What Is An Alchemist Anyway?

July 6, 2016

I’ve started writing about this topic a dozen times, trying to tie it into a recent story, of which there are many, from our team, our partners and our travelers about the power of a pair of shoes. But I think it’s time to just say it as it is: Donating gently worn used shoes is one of the few times you can actually be an alchemist… someone who changes something most people see as not valuable into something of immense worth. Five hundred years ago, alchemists were trying to turn lead into gold. You can do the same thing today by turning your used shoes into food, housing, education and health care. Some might say, I would be one of them, and that those things are all more valuable than gold. Here’s the best part – it’s totally in your power to make that happen right now.

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 You’re next question is probably, how? How do you take used shoes and transform them into such powerful things in some of poorest parts of the world? The answer is both pretty simple and surprisingly complex. The simple part is that even in the least developed places in the world, people need shoes to protect themselves from injury, to go to school, to get to work and for the sheer dignity of it.

That last part is hard to explain. But when I saw a kid in Haiti wearing these, I realized his only reason for wearing such a pair is to have them, not for any other reason.

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 In places where the majority of the population lives on less than a few dollars a day, they will and do find money for shoes. Often it’s used shoes they buy from local vendors and entrepreneurs. Those micro enterprises have several huge hurdles, but the biggest one is access to quality used shoes at a good price. The supply chain without Soles4Souls is savage and usually means they get the worst shoes at the highest prices.  But when you donate your used shoes to Soles4Souls, we get them in the hands of mothers who sell them and buy an extra meal, put a roof over their kids’ heads, send them to school or manage a doctor visit because now they have cash. Lives change because of those shoes and we hear about it every day. It’s not life and death but some days it’s closer to that than many of us imagine.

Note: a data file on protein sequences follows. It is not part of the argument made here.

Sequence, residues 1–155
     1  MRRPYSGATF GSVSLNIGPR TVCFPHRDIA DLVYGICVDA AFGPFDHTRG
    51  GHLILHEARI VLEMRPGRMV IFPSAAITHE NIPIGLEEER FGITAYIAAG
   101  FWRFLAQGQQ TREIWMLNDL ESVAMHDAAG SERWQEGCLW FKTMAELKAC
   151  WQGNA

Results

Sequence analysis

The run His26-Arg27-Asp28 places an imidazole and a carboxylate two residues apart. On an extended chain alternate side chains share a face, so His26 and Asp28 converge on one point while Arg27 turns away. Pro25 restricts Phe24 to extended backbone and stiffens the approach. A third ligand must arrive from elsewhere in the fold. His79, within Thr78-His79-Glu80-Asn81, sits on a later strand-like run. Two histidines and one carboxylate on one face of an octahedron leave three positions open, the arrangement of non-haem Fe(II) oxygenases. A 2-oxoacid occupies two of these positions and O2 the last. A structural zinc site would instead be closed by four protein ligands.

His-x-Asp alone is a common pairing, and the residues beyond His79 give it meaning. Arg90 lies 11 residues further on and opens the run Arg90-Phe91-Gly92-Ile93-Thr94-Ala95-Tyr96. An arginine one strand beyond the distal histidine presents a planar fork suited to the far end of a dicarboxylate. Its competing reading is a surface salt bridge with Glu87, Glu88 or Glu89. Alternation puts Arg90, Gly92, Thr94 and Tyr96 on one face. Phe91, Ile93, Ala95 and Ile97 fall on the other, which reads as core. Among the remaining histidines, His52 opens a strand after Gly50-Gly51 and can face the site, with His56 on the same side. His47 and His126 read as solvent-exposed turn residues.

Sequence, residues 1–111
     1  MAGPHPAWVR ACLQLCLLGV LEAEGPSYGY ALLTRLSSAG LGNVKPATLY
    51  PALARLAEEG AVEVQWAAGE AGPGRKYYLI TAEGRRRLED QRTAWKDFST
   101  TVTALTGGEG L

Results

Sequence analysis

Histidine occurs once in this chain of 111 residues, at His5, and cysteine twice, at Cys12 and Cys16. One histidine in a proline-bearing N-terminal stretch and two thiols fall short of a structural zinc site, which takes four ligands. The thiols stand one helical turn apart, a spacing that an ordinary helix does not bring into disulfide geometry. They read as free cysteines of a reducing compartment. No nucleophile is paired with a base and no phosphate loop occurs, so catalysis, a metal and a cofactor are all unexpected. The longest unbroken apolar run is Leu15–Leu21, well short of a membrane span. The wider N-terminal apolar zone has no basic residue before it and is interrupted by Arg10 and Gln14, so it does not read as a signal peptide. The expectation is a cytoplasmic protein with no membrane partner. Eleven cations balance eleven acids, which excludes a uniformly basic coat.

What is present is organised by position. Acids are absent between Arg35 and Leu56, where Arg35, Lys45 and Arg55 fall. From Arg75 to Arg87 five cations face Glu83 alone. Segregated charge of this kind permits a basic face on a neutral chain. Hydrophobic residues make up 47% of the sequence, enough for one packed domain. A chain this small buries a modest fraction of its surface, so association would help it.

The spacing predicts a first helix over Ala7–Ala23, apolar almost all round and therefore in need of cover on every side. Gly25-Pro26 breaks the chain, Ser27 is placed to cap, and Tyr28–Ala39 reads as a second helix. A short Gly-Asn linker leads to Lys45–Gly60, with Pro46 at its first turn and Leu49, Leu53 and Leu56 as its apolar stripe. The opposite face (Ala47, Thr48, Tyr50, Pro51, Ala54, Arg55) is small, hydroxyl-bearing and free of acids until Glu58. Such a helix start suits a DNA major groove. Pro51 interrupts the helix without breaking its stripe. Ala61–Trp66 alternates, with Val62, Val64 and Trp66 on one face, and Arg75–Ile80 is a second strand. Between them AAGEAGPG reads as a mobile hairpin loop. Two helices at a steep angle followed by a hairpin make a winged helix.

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The complex part is in how your donated shoes get from your closet to the open markets in Haiti, Honduras, the Philippines or Moldova, for example. Your shoes might go from your closet to a retail collection partner like Stride Rite or Brighton Collectibles. They then get shipped to a local warehouse in a dozen cities across the US. When those warehouses get full, they go to our main warehouse (by truck and by rail) in Alabama where they are sorted and repacked for shipping outside the US. Then they’re shipped to a port city like Savannah or Miami where they’re put onto boats. Then comes the complicated, expensive process of getting them through customs before our local partner picks them up to then sell to the local entrepreneurs. Alchemy is powerful… but it sure isn’t easy!

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The bottom line is that each and everyone of us, me included, has shoes that don’t fit or that we simply don’t wear. We look at them every time we open the closet or we rediscover them when we move or sort through them when someone dies. But if the average American has more than 25 pairs of shoes, then your closet, my closet, is full of gold. Full of food, shelter, education and medical care. Take a few minutes to pull out a pair, or 20, and donate them today. Then very soon, a mother in a country far from here is going to sell them and start making life better for her family that very day. That’s the power each of us has to change a life for good.

Visit here to find out where to donate used shoes or start your own shoe drive!

Buddy Teaster
Soles4Souls, CEO